Imagine what it would feel like to hear Jesus call you “O you of little faith.” That would have to sting. That is what Jesus calls Peter in the Gospel today. “O you of little faith.” But in some sense, Peter shows great faith in the Gospel. When he sees Jesus walking on the water, he calls out, “Lord, if it is you, command me to come to you on the water.” And then, even more, he actually gets out of the boat. Peter has so much faith in Jesus that he actually steps out of the boat onto the raging sea. Could you do that? Would you have enough faith to believe that you could literally walk on water if Christ told you to?

It looks like Peter has great faith. Peter has enough faith in the power of Jesus to believe that Jesus can call Him to walk on water. So why does Jesus say that Peter has little faith? Because while Peter believes that Jesus is powerful, he believes that the storm is more powerful. He is doing fine, walking towards Our Lord, but then he notices the storm. He sees how big the waves are, how strong the wind is. Peter takes his eyes off of Jesus and instead focuses on the storm. And he becomes afraid that the storm is too strong. Peter has faith in Christ, so much faith that he walks on water, but he has more faith in the storm. The storm seems so powerful that he fears it will overpower him. And he begins sinking. And that is why Jesus calls Peter “you of little faith,” not because Peter doesn’t have faith in Jesus, but because Peter has more faith in the storm.

We can be like Peter. I am going to presume that everyone here has faith in Jesus. You probably wouldn’t be here otherwise. We trust Jesus. We trust that He loves us and can help us. But then the storm comes. We find ourselves dealing with something that seems so big and so powerful, and we begin to fear that maybe God isn’t powerful enough to help us. We believe in God, but we also fear that the storm is more powerful. Like Peter, we take our eyes off of Jesus and instead we focus on the storm. And we start sinking.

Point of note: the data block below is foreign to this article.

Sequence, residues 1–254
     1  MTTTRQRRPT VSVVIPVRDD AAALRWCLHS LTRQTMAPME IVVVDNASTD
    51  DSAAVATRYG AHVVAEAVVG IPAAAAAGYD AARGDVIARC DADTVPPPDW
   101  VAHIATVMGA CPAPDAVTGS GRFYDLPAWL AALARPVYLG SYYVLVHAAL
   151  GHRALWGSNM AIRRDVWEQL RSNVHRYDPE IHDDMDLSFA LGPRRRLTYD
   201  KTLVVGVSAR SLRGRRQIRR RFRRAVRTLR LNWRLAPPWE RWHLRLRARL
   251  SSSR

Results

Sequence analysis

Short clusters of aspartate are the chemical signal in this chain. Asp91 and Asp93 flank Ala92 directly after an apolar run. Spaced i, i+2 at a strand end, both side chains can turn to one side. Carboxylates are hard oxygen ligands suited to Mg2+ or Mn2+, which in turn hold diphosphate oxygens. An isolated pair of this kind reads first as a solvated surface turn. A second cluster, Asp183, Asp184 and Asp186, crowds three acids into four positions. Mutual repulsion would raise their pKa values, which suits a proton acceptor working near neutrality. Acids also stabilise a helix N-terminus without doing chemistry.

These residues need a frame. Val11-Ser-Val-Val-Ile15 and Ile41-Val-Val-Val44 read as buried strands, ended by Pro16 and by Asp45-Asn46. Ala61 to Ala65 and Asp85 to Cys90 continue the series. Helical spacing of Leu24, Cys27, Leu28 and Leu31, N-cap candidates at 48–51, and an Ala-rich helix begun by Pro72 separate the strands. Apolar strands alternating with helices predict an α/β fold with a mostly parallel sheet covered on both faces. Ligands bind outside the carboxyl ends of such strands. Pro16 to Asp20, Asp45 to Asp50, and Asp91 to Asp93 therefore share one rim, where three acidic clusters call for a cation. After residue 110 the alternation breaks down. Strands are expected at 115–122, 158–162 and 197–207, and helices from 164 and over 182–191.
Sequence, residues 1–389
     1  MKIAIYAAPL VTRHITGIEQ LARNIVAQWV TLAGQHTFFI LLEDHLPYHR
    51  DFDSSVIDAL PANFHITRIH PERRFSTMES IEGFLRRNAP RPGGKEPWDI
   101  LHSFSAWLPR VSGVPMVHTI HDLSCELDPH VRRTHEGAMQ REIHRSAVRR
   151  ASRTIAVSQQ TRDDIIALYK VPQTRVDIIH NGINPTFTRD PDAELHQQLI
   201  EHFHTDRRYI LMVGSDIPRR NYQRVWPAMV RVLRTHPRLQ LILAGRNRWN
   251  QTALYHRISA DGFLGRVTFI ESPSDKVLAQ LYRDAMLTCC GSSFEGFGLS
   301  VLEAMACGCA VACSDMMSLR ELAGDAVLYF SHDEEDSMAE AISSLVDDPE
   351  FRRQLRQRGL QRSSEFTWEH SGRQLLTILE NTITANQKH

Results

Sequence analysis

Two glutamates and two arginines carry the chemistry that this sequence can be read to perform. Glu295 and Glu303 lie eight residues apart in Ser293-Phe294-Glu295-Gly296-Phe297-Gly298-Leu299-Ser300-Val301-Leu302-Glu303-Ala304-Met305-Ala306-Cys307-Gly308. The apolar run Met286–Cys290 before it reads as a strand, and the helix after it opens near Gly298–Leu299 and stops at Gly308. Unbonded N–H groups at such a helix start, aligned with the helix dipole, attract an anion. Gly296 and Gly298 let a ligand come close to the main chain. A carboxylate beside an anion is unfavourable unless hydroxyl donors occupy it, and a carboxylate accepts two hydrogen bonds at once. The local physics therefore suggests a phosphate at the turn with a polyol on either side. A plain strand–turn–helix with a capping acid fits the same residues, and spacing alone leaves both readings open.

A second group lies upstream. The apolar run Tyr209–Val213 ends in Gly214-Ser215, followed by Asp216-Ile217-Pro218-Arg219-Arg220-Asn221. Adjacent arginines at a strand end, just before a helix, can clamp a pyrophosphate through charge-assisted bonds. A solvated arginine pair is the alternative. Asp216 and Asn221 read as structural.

I know I have experienced that. This past month for me has been overwhelming at times. Being in charge of a parish for the first time is a huge responsibility. There is so much to learn, so many decisions to make, so much to do. Now, I know that God is there. But sometimes in the past month, I have taken my eyes off of God and just looked at the storm. I’ve started to be afraid that the storm may be too much, that maybe Christ won’t be able to keep me afloat. And when I do that, I start feeling like I’m sinking. I forget that God is more powerful than any storm I face. I forget that as long as my eyes are on Him, as long as I trust Him and listen to His voice, I can walk on water.

All of us can fall victim to this way of thinking. One of the problems is that the storms seem so strong and loud and powerful, but God seems so small and quiet. Like we hear in our first reading, often God does not reveal Himself in fire and earthquake, but in a tiny whispering sound. The world is big and loud, while God is the still, small voice. And so it is easy to think that the storm, with its noise and fury, is more powerful.

Of course, we know that God is more powerful than any storm we face in life. But we have to keep our eyes on Him. No matter how loud and threatening the storm seems, we should continually listen for God’s still small voice. It is there that we will find peace in the midst of life’s storms. In Jesus we will find the grace to walk on the waves of life. As we receive Christ in this Holy Eucharist, may He strengthen our faith in Him, so that we may always know that He is stronger than any storm we face.

Transfiguration of the Lord

How would you convince someone to believe the impossible? That is the question that the Apostles faced. They were supposed to go out into the world to tell people that God had become man, died, and rose from the dead. But anyone who heard that message would likely be skeptical. God became man? The dead coming back to life? These things are impossible. Who in their right mind would believe such a thing?